Here’s a thoughtful and provoking passage from one of my favorite blogs, Joe Felso: Ruminations. He references Han-shan, the same poet who inspired Brice Marden’s Cold Mountain series of paintings, who feels similar in spirit to my earlier posting on Master Linji, also from the Tang Dynasty:
I wonder if our reverence for poetry can sometimes trap us into expecting enlightenment, elevation, and disclosure of deep truths that approach revelation. Sometimes a little simple human condition would go a long way.
Poetry can be whimsical. Lately, I’ve been reading poetry by Han-shan, poet of eighth-century T’ang Dynasty. Called “Cold Mountain,” Han-shan was a Buddhist struggling to cut himself off from craving. Still, even in commonplace moments, the magnitude of his longing is palpable… and so is his awareness of that state. The poems have a strangely impish pride and defiance:
As long as I was living in the village
They said I was the finest man around,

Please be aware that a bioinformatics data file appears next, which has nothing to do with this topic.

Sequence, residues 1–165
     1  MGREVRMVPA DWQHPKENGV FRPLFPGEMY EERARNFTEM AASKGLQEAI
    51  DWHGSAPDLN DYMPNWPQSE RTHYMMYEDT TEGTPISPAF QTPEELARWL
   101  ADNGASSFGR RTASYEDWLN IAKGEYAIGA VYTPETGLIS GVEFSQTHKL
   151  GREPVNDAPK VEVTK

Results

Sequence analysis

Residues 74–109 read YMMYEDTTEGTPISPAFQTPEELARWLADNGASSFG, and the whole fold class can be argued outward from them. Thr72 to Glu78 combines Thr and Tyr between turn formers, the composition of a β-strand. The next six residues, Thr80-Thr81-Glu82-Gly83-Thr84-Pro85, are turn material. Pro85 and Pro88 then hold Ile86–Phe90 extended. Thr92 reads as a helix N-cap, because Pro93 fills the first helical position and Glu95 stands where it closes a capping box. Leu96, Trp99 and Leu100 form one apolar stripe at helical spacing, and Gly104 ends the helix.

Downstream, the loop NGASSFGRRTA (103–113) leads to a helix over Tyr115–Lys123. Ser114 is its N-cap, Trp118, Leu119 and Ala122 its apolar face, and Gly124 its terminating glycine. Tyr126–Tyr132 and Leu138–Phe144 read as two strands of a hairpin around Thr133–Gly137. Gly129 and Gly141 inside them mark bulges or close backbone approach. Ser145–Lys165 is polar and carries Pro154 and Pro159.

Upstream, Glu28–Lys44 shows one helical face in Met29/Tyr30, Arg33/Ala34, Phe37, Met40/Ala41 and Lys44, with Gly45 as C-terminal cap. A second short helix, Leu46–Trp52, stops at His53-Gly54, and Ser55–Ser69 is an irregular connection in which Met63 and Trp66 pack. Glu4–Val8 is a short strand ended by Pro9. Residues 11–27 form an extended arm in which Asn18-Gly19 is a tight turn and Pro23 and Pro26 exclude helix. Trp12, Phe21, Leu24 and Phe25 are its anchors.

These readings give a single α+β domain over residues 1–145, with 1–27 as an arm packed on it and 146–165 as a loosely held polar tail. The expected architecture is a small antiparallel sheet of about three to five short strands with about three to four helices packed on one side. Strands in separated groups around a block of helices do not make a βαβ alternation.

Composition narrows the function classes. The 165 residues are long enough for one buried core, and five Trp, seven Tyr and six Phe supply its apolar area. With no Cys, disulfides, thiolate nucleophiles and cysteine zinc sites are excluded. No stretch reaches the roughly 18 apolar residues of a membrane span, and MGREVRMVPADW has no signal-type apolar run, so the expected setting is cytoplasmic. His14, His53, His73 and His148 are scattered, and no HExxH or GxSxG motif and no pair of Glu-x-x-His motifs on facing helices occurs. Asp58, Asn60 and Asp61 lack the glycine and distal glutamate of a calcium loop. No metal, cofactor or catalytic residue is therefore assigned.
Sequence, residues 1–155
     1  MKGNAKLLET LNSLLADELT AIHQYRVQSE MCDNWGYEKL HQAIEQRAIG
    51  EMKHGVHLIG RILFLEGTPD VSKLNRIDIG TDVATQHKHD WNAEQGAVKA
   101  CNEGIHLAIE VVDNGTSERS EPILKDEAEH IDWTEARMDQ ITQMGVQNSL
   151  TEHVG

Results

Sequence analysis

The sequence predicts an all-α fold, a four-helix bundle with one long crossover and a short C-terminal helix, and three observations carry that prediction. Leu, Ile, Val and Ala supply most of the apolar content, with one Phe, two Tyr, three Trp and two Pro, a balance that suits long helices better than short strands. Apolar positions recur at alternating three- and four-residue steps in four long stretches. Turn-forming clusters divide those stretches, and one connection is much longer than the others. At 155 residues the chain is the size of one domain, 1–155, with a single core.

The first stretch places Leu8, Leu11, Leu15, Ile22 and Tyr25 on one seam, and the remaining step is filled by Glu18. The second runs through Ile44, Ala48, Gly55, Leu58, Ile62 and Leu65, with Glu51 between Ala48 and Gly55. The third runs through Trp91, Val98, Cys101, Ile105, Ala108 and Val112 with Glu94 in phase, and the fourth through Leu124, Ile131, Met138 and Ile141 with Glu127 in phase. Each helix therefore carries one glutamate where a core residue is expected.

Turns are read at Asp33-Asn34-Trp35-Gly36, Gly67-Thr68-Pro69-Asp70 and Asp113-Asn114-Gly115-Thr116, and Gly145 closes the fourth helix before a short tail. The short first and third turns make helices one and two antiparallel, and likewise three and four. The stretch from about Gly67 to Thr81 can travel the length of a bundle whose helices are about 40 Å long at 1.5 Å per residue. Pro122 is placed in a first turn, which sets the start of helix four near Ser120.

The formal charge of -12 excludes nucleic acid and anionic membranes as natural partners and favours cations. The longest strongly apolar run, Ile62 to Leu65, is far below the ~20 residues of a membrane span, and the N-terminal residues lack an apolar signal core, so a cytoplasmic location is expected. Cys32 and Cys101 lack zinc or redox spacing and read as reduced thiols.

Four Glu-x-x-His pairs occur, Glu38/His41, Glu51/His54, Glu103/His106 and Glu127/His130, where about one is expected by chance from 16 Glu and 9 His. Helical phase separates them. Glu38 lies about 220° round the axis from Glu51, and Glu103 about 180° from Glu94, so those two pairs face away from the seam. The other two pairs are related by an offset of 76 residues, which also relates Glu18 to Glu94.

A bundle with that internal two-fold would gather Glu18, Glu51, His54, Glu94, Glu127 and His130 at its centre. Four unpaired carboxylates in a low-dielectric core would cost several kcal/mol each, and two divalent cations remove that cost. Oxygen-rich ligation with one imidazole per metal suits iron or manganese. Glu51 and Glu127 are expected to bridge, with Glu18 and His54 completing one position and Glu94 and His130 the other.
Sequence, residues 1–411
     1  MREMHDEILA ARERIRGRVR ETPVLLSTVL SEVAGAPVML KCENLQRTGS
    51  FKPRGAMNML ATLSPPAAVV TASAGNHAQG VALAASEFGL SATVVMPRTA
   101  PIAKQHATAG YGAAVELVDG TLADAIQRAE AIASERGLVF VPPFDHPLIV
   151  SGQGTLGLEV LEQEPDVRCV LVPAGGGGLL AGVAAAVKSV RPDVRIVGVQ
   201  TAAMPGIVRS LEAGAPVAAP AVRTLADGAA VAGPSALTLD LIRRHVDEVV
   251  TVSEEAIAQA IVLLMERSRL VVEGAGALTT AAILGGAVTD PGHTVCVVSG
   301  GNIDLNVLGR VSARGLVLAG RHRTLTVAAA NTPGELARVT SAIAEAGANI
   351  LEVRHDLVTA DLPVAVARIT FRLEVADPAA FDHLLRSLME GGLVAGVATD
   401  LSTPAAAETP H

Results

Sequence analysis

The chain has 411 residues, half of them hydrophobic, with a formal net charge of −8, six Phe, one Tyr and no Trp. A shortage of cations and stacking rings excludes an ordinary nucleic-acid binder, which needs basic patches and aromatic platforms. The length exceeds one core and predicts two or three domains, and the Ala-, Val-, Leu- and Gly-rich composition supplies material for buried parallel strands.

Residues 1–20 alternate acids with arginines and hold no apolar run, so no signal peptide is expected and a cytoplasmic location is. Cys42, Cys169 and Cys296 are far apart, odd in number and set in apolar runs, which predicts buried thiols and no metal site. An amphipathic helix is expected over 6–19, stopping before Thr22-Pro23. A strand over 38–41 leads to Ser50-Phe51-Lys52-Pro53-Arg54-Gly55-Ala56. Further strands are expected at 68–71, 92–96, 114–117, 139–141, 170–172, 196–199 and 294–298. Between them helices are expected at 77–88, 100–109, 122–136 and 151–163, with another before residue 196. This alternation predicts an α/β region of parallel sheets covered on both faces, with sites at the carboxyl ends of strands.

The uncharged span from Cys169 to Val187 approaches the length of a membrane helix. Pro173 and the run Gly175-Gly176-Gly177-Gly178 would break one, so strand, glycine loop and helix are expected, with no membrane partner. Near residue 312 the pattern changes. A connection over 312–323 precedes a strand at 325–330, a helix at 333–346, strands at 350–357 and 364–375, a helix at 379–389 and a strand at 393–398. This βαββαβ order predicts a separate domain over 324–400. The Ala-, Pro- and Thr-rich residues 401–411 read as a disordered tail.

But yesterday I went to the city
And even the dogs eyed me askance.
Some people jeered at my skimpy trousers,
Others said my jacket was too long.
If someone would poke out the eyes of the hawks
We sparrows could dance wherever we please!
Deep poetry it is not, but human. Han-shan’s voice does not come from on high. A reader can readily see the way he can’t help being pleased with himself, can’t help wanting to be paid the proper respect, can’t help knowing all of that, can’t help, even in his dejection, seeing humor of failing to impress dogs. For me, the logic of the last two lines is simultaneously ominous and funny, threatening but also ludicrous. The poem may not be oh-worthy, but the speaker is fully present in these few lines…
The most dangerous temptation in poetry is making meaning instead of embodying it. I’m happy Han-Shan reappeared at this stage of my writing—he tells me to pause and listen to how silly I sound.